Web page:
August 2019, Week 4


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 		 [In a climate when so many digital media companies are being
reorganized by new leadership and moving to unionize, it’s easy to
relate Successions episode to countless mini-crises of the last couple
of years.] [https://portside.org/] 




 Winston Cook-Wilson 
 August 19, 2019

	* [https://portside.org/node/20834/printable/print]

 _ In a climate when so many digital media companies are being
reorganized by new leadership and moving to unionize, it’s easy to
relate Succession's episode to countless mini-crises of the last
couple of years. _ 

 , CREDIT: Peter Kramer/HBO 


“You know they have, like, a beehive upstairs?” Roman Roy
[https://www.spin.com/2018/08/hbo-succession-review-roman-roy-dirtbag/] mutters
to Kendall early in the second episode in _Succession_
[https://www.spin.com/tag/succession/]’s second season
[https://www.spin.com/2019/05/succession-season-two-trailer/]. The
brothers (played by Kieran Culkin and Jeremy Strong, respectively) are
scrutinizing the offices of Vaulter, the digital media property that
their father’s company, Waystar Royco, acquired during the series’
first season. Projections of the site’s trending lifestyle blog
posts surround them (including “Is Taylor Swift Secretly
Marxist?”). Roman continues: “Is that, like, a business model:
conflict porn and hipster honey?” The episode quickly sets up a
clear picture of the kind of company Vaulter is: a millennial-forward
content farm, bloated thanks to a couple of rounds of generous VC
funding. It’s an archetype is familiar to viewers with even modest
awareness of the digital media landscape, or who have perused a
listicle after Googling for information about something; there’s no
need for the writers to delve into too much detail.

In “Vaulter,” both over-ambitious media startups and the pitiless
businessmen who chew them up and spit them out are played for the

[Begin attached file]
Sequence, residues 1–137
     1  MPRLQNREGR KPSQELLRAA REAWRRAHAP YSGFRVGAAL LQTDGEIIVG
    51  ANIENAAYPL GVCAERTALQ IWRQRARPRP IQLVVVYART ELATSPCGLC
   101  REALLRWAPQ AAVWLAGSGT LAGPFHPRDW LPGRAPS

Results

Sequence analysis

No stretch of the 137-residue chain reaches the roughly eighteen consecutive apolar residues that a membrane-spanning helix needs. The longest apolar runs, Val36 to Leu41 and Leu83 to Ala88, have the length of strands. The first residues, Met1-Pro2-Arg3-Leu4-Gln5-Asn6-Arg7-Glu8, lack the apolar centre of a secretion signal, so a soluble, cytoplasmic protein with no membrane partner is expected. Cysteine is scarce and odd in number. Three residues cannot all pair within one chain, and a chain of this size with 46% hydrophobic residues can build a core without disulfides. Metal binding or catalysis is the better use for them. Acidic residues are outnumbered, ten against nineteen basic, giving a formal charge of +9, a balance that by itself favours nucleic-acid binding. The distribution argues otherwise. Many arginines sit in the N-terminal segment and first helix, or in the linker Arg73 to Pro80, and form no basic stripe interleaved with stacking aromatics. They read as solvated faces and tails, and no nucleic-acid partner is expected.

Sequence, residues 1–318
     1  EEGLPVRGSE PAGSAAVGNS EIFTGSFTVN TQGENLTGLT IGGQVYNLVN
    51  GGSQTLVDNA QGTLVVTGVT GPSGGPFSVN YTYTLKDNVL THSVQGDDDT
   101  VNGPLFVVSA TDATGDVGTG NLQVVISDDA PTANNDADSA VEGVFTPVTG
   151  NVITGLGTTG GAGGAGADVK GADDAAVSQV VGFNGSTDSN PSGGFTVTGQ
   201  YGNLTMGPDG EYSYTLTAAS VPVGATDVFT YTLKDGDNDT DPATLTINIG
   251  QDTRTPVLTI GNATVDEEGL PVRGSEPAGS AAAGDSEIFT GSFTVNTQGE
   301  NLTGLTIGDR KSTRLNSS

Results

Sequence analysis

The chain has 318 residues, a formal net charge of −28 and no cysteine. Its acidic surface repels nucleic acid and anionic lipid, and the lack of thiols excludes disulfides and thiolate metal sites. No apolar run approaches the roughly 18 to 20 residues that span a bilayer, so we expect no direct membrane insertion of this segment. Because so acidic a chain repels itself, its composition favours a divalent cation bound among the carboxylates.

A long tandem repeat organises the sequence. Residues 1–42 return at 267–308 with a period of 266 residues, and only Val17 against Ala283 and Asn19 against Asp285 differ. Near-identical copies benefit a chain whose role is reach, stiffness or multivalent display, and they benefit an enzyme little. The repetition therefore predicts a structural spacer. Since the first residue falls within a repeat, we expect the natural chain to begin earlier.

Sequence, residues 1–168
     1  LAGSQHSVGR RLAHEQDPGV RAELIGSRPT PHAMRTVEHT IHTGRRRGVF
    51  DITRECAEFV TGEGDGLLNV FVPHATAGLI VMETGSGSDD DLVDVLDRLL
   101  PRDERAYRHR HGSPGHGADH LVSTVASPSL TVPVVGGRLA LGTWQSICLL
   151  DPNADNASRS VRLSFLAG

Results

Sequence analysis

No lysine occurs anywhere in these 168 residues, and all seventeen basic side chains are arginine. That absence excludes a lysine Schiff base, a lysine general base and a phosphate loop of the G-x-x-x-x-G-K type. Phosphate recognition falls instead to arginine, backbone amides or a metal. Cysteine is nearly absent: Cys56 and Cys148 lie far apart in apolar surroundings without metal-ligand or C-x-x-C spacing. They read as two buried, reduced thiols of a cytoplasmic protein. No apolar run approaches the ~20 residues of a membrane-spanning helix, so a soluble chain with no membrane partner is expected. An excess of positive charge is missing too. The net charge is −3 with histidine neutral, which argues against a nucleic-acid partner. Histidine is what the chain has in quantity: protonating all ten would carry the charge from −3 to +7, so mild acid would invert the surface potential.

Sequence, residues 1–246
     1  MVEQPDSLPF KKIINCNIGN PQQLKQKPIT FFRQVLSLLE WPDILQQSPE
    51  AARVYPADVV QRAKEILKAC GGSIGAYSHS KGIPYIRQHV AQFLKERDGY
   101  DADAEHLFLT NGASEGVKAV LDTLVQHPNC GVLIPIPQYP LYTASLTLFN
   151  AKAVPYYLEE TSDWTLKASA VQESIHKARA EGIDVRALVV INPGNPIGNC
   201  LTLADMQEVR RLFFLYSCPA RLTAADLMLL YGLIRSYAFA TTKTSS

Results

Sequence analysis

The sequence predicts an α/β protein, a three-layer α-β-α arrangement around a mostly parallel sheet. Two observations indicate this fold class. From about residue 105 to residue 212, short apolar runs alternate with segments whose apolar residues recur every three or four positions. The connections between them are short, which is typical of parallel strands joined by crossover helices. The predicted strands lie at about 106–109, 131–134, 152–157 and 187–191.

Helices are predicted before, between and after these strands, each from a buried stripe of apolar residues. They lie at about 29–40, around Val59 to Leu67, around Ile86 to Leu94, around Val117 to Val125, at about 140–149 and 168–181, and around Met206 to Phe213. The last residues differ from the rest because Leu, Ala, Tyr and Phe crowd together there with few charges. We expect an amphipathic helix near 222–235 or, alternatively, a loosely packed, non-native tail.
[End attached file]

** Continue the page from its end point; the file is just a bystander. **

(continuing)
grimmest possible laughs. As an all-too-credible exploration of the
worst antics of the corporate American one-percent, _Succession_’s
plots usually revolve around financial and ideological deregulation in
some form. But the episode is one of its most eerily specific and
timely investigations to date, embodying everything that makes the
show so idiosyncratic and effective. It’s also a candidate for the
best portrayal of the state of modern journalism seen on scripted film
or television in at least the past five years.

In the episode, Kendall and Roman are tasked with investigating the
situation with Vaulter, consulting with the site’s snide and
ruthless CEO Lawrence (Rob Yang). Last season, Lawrence seemed to
think he could exploit Waystar’s organizational tumult and dated
priorities to gain leverage at the organization. He also clearly
believed his brand was untouchable—valued in the public eye and by
investors, ahead of the curve while Logan Roy (Brian Cox) and his
maladjusted sons were on the way out. Ultimately, though, Royco made
Lawrence an offer he couldn’t refuse, and the digital media
landscape changes very quickly. 

Kendall and Roman have been set loose on Vaulter because Logan worries
that he “might have acquired a giant pile of bullshit.” It’s
quickly clear that he was right, at least from a business perspective.
Though culture blogs like Vaulter are crucial to contemporary media
conglomerates’ portfolios, their actual utility is largely